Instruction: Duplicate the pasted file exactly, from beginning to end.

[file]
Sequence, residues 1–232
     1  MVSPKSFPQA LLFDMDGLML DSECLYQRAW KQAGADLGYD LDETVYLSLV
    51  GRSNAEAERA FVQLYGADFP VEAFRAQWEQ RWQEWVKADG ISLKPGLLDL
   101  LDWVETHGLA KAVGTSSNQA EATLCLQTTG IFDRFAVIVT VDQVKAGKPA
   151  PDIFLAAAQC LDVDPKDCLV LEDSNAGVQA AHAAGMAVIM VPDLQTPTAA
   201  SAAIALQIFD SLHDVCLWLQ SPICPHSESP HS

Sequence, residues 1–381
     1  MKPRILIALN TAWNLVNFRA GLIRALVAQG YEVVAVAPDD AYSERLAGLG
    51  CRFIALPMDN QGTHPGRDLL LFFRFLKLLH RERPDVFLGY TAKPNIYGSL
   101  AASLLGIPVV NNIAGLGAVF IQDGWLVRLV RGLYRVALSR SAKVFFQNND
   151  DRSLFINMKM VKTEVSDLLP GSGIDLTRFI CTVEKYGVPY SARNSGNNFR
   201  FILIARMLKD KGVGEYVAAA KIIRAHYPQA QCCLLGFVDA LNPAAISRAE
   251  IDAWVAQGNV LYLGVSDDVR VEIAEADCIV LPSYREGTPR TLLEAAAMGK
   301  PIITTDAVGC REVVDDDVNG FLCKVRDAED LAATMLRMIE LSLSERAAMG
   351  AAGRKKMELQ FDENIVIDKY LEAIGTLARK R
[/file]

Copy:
Sequence, residues 1–232
     1  MVSPKSFPQA LLFDMDGLML DSECLYQRAW KQAGADLGYD LDETVYLSLV
    51  GRSNAEAERA FVQLYGADFP VEAFRAQWEQ RWQEWVKADG ISLKPGLLDL
   101  LDWVETHGLA KAVGTSSNQA EATLCLQTTG IFDRFAVIVT VDQVKAGKPA
   151  PDIFLAAAQC LDVDPKDCLV LEDSNAGVQA AHAAGMAVIM VPDLQTPTAA
   201  SAAIALQIFD SLHDVCLWLQ SPICPHSESP HS

Sequence, residues 1–381
     1  MKPRILIALN TAWNLVNFRA GLIRALVAQG YEVVAVAPDD AYSERLAGLG
    51  CRFIALPMDN QGTHPGRDLL LFFRFLKLLH RERPDVFLGY TAKPNIYGSL
   101  AASLLGIPVV NNIAGLGAVF IQDGWLVRLV RGLYRVALSR SAKVFFQNND
   151  DRSLFINMKM VKTEVSDLLP GSGIDLTRFI CTVEKYGVPY SARNSGNNFR
   201  FILIARMLKD KGVGEYVAAA KIIRAHYPQA QCCLLGFVDA LNPAAISRAE
   251  IDAWVAQGNV LYLGVSDDVR VEIAEADCIV LPSYREGTPR TLLEAAAMGK
   301  PIITTDAVGC REVVDDDVNG FLCKVRDAED LAATMLRMIE LSLSERAAMG
   351  AAGRKKMELQ FDENIVIDKY LEAIGTLARK R